I recently reviewed the book The Millennials: Connecting to America’s Largest Generation by Thom Rainer and Jess Rainer. Because of my love for the church as well as for Millennials, and because I believe many American churches are at a critical crossroad for their future, I want to devote a follow-up post to the subject of Millennials and the church, borrowing from and commenting on the information in the last couple of chapters of the book.
The last two chapters of The Millennials are titled “Their Strange Religious World” and “The Church Responds to the Millennials.” I don’t like to quote too much from a book, but in this case I feel several quotes and summary statements are necessary to set the stage for the conclusions and personal application that follows.
In the first of these chapters, we read the following:
- “There is no majority spiritual position in the entire generation. To the contrary, many have such a hodgepodge of beliefs that it’s difficult to give them meaningful labels.”
- Only 13% surveyed identified spiritual matters as really important in their life.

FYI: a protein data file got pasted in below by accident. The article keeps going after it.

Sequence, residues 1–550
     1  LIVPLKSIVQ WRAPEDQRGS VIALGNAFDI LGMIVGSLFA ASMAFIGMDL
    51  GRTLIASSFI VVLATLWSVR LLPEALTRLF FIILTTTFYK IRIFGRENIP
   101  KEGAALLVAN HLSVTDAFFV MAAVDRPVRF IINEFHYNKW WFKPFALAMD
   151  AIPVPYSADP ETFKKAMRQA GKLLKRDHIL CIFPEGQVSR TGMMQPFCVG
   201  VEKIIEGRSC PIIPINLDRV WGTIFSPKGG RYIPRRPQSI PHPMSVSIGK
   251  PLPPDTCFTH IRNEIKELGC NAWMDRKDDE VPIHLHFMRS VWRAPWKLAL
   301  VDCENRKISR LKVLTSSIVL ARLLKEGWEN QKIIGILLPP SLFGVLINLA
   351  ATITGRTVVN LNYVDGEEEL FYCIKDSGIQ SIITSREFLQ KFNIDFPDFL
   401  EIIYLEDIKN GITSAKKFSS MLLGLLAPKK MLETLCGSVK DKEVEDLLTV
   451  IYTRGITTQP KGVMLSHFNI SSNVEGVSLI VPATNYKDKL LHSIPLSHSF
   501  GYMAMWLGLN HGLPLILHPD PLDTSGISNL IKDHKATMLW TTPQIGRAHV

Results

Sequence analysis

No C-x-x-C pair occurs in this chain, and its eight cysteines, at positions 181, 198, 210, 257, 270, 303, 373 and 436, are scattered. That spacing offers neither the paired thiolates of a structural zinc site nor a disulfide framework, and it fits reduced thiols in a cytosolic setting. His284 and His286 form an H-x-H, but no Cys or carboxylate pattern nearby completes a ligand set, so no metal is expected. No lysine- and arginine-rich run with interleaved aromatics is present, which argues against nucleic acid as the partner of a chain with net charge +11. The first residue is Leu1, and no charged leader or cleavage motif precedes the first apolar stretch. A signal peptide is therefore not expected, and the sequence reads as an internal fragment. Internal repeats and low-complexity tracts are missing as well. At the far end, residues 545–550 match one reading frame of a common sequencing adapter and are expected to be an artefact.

- The authors estimate about 15% of the generation to be true Christians.
- About 24% of Millennials are active in a church, while 25% strongly agree with the statement that the Bible is the written Word of God.
- “Those who are Christians demonstrate fervency about their faith.”
- About 70% of the generation believes that American churches are irrelevant.
- The church’s challenge is not overcoming an adversarial attitude, but overcoming apathy.
- “A Millennial with parents who were nominal Christians is likely to divorce himself or herself from Christianity and churches.” They will probably not adopt the lukewarm faith of their predecessors.
In light of the above characteristics of Millennials, what then is today’s church to do if it is to be a place where Millennials choose to be and to serve? That is the subject of the final chapter, where the authors suggest the following:
- Millennials “will connect with churches only if those churches are willing to sell out for the sake of the gospel.”
- Churches focused mainly on themselves rather than others will not attract them.
- The American church has two related challenges: connecting with Millennial Christians, and reaching the 85% of Millennials who are not Christians.
- To connect with Millennial Christians, churches must:
- Become radically committed to the community (missional and incarnational),
- Go deep in biblical teaching,
- Love the nations,
- Direct revenue outwardly,
- Demonstrate transparency, humility, and integrity.
- To reach non-Christian Millennials, churches must:
- Remember the indifference a majority feel toward Christians and the church,
- Unleash the simple power of inviting,
- Connect Boomer parents with Millennial children,
- Demonstrate the deep meaning of following Christ,
- Demonstrate concern for others,
- Demonstrate transparency, humility and integrity (again).